Since mem is a wicked human being who won't get his dad to make me dibromoindigo, I'm being forced to think of other ways to get it. This includes making a trip to Morocco to some place I can’t pronounce in the purpuric islands that is rumoured to sell it (and yes a trip to MOROCCO would still be cheaper than buying it from most reputable suppliers by about 40k). It seems legit.
PLUS ALSO Pantone’s colour for 2015 is pretty close to what Tyrian purple would have looked like (though more brown). AND I got an induction burner for Christmas which Phil called WITCHES BREW BURNER. Well it's taken them almost two decades to come to terms with my use of noxious chemicals.
So my art project is back on! In my head. Like usual.
This of course brings to mind some interesting things I've noticed in the colours and textile processes used in the production of the priest's garments and tabernacle of Exodus. Mem assures me these things aren’t super extra BORING to normal people, but I’m pretty sure he doesn’t have a lock on what normal people think or he wouldn’t be my friend.
But I’m going to write about them anyway, because mem is the only one who reads my blog and I think he thinks I can’t write a book length tome on this. To which I say “it’s like you don’t even know me mem”.
I am reminded of the author of Hebrews saying that the tabernacle was a copy made according to a heavenly original. Some people think this has to do with aesthetics; I am not one of them. The tabernacle represents the realities of God; how he makes himself a holy priesthood and a place where he meets his creation. And maybe I’m crazy but I think that’s more significant than the proportions being an aesthetic pattern for people to follow. While many fixate on the proportions and other things, I’ve always been interested in the processes. I can admit that’s the craftsperson coming out--process is always the most important thing to us. But I do think there are some powerful symbols involved in the creation of the tabernacle (symbolism being used in the more mediaeval sense).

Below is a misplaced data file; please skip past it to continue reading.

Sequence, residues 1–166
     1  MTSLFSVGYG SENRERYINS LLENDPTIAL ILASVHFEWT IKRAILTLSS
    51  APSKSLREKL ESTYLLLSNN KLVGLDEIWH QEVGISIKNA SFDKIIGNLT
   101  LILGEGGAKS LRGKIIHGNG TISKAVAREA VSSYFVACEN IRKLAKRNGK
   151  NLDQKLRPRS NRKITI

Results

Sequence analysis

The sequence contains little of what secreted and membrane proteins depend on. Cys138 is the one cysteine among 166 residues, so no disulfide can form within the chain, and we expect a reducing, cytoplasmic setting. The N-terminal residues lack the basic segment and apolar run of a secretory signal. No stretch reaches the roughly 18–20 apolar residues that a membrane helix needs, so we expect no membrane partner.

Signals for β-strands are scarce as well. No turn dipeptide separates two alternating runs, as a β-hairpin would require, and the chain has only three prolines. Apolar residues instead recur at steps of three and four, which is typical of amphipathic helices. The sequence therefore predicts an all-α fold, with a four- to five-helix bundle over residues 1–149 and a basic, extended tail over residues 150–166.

Anyway, there are things going on in the text that are pretty easily missed if you don’t understand how the production of fibre worked in ancient times. In a world where we are so removed from the processes that make the daily items of our lives, we miss many things that would have been common knowledge then. I think this can be shown by how Christians tend to interpret them sloppily and figure they’re not particularly important anyway. Orthodox Jews for their part debate them intensely--they understand that they’re valuable at least partly because they’re still trying to keep the law. But we believe all the scriptures are about Christ.
I originally wrote this post super cyclically (like a rabbi! Just as wise for sure). While that was pretty cool, it metastasized into a 3000 word document in a few days (even though I skipped a lot of cool stuff--told you mem). So I had to make it linear (or as close to it as someone like me can get) in order to be able to chop it up into shorter posts, of which this functions as the introduction. It took longer to reorganize than to write or research, so the work has been languishing a little. But I really wanted to finish at least one of my book length “blog posts” so the reorganization had to be done. Someone asking about the towla on fb motivated me to wax nerdy again. Anyway hoping I succeeded in being more greek, but I really prefer hebrew thought. If you see some repetitions and lack of clarity, blame your western linear mindset--I had to do this for YOU so don't whine. I also left out a lot to keep it from being even longer.
Follow for the next posts and you'll see why a trip to Morocco would be worth it.